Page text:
Sanctuary city debate headed to committee for public discussion

Mayor says he doesn't think there's support among council for declaration

Catherine McKenney

Somerset Coun. Catherine McKenney says she will be sending a report on making Ottawa a sanctuary city to the community and protective services committee next month, where the public will be able to comment. (CBC)


The debate over whether Ottawa should become a sanctuary city appears to be heading to the community and protective services committee next month, where the public will be able to weigh in on the issue.

Somerset Coun. Catherine McKenney was expected to move a motion at Wednesday's council meeting to debate the designation, but no motion ever came.

After the meeting, McKenney said she'd heard from many people across the city who were calling for more public consultation on the issue first.

"By this morning, I thought that maybe it would be better to put this through a committee, give people the opportunity to come out," McKenney told CBC News.

'My sense is in talking with a number of councillors, there's very little support for it.' - Mayor Jim Watson

A term adopted by some Canadian cities — including Vancouver, Toronto, and London, Ont., — a sanctuary city is one in which undocumented immigrants are not refused social services.

The designation doesn't carry any legal status, but it's generally considered to be a confirmation to immigrants that they don't need to fear being detained or deported if they seek out help for domestic violence abuse, for example.

McKenney believes that U.S. President Donald Trump's travel ban proposal has many Canadians worried about the safety and welfare of undocumented immigrants, who often live in very precarious situations.

But Mayor Jim Watson said that the situation is different in Canada than south of the border. For one thing, said Watson, Ontario city councils do not give direct orders to police forces.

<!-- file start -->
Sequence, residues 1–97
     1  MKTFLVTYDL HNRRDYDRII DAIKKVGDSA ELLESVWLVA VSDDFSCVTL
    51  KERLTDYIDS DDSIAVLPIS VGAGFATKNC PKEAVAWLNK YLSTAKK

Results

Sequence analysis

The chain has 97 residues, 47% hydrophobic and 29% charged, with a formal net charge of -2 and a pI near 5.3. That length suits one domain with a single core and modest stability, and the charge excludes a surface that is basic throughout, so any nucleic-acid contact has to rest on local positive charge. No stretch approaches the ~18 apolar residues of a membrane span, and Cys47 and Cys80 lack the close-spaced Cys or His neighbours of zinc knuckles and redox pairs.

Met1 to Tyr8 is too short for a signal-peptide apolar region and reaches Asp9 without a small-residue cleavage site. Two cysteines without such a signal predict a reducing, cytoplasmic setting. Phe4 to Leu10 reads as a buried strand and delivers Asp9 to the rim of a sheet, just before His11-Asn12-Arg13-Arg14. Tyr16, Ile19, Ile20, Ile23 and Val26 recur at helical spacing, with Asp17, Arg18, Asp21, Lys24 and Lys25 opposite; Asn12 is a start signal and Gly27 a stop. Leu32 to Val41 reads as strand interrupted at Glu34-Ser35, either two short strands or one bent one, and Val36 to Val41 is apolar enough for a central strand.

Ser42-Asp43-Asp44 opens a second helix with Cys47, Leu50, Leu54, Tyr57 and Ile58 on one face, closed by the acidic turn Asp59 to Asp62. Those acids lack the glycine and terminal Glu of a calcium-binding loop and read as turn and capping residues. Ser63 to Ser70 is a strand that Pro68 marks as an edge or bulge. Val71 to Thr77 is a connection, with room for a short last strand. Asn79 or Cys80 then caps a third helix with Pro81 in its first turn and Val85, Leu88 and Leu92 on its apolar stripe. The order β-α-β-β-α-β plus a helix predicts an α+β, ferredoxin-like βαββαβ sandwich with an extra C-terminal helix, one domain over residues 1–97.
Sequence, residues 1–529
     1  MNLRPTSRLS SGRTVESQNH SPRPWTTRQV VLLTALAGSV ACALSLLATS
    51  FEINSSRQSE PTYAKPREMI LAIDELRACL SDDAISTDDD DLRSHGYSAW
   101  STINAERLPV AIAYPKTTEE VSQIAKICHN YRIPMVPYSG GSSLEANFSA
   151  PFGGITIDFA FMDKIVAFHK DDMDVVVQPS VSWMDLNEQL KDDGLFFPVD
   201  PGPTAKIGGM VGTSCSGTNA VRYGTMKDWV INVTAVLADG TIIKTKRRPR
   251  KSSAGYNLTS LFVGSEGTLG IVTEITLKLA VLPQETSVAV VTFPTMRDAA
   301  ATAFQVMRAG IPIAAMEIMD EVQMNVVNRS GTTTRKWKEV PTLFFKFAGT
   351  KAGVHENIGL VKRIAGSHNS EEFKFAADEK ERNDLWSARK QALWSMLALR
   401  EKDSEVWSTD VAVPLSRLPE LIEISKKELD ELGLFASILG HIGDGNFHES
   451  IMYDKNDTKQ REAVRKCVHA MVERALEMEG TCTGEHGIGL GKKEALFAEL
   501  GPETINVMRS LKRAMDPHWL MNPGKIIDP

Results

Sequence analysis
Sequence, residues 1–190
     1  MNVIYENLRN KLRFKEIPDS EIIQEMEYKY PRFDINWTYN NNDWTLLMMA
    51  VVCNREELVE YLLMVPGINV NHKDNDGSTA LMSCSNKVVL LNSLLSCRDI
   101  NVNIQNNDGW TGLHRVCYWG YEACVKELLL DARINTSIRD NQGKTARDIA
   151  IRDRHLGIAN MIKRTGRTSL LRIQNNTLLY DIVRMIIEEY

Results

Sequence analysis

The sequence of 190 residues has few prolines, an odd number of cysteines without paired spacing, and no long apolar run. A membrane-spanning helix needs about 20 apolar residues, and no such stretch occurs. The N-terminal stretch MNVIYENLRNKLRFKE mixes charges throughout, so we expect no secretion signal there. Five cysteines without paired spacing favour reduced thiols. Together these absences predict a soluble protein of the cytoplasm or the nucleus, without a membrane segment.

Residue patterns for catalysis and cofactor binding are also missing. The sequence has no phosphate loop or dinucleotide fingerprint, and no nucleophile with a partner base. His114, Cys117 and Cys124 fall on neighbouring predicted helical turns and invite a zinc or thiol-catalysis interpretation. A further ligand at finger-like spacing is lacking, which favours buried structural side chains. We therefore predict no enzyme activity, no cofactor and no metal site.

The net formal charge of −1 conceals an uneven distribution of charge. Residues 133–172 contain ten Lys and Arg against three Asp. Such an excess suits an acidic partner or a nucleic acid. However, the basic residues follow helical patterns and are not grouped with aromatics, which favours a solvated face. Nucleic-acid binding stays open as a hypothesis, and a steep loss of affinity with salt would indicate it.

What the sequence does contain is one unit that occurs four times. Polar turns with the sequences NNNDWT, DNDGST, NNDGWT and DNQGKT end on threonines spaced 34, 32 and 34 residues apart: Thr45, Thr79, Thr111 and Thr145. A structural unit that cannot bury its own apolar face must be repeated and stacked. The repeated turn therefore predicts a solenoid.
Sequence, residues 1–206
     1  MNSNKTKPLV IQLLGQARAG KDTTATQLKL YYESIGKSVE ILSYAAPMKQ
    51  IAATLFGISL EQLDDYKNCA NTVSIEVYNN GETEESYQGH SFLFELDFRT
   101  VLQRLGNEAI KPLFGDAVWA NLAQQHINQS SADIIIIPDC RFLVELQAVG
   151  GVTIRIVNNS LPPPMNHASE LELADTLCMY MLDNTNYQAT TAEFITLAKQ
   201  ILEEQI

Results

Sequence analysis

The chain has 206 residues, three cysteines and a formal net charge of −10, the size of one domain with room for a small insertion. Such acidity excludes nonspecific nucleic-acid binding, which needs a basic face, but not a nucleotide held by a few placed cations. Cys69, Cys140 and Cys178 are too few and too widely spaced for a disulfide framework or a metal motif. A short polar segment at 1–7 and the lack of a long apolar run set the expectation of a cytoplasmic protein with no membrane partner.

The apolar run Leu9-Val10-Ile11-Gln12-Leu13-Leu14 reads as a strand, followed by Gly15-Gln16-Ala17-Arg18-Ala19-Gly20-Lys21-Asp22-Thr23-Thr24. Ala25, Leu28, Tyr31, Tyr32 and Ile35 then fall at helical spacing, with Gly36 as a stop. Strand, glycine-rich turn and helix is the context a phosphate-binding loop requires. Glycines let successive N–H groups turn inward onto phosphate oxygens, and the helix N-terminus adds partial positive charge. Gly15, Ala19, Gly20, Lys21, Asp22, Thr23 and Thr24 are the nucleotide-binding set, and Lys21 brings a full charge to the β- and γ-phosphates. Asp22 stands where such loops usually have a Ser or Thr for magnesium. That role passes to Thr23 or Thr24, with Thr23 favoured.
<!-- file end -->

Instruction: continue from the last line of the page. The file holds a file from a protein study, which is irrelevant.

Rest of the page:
And councils cannot ignore federal or provincial regulations when it comes to issuing social service payments, he added.

Jim Watson Ottawa

'Not one issue has come to my office'

As well, the mayor doesn't think there's a problem.

"I checked with staff, and they could not come up with one single example in recent memory of any individual being denied service in an emergency fashion, or a library card, or other city services — not one," said Watson.

"So is this a classic case of a solution looking for a problem? …  I've never had one [of these issues] come to my office in my seven years as mayor."

However, proponents of the sanctuary city concept argue that the reason officials don't hear about this issue is that undocumented immigrants don't seek help.

Watson said he didn't know of any estimates of how many undocumented immigrants might be living in Ottawa.

Little support?

The sanctuary city issue has been a hot topic in the halls of power over the past week, with councillors weighing in on both sides of the issue.

"My sense is, in talking with a number of councillors, there's very little support for it," Watson said.

But it appears that before making it to council, the issue will be discussed at the CPS committee, chaired by Coun. Diane Deans.

Most likely, a report on a sanctuary city designation will be on the Mar. 30 committee agenda. Public delegations will then be allowed to speak to the issue before it goes to full council. 

More On This Story

More from CBC News

Tell us what you think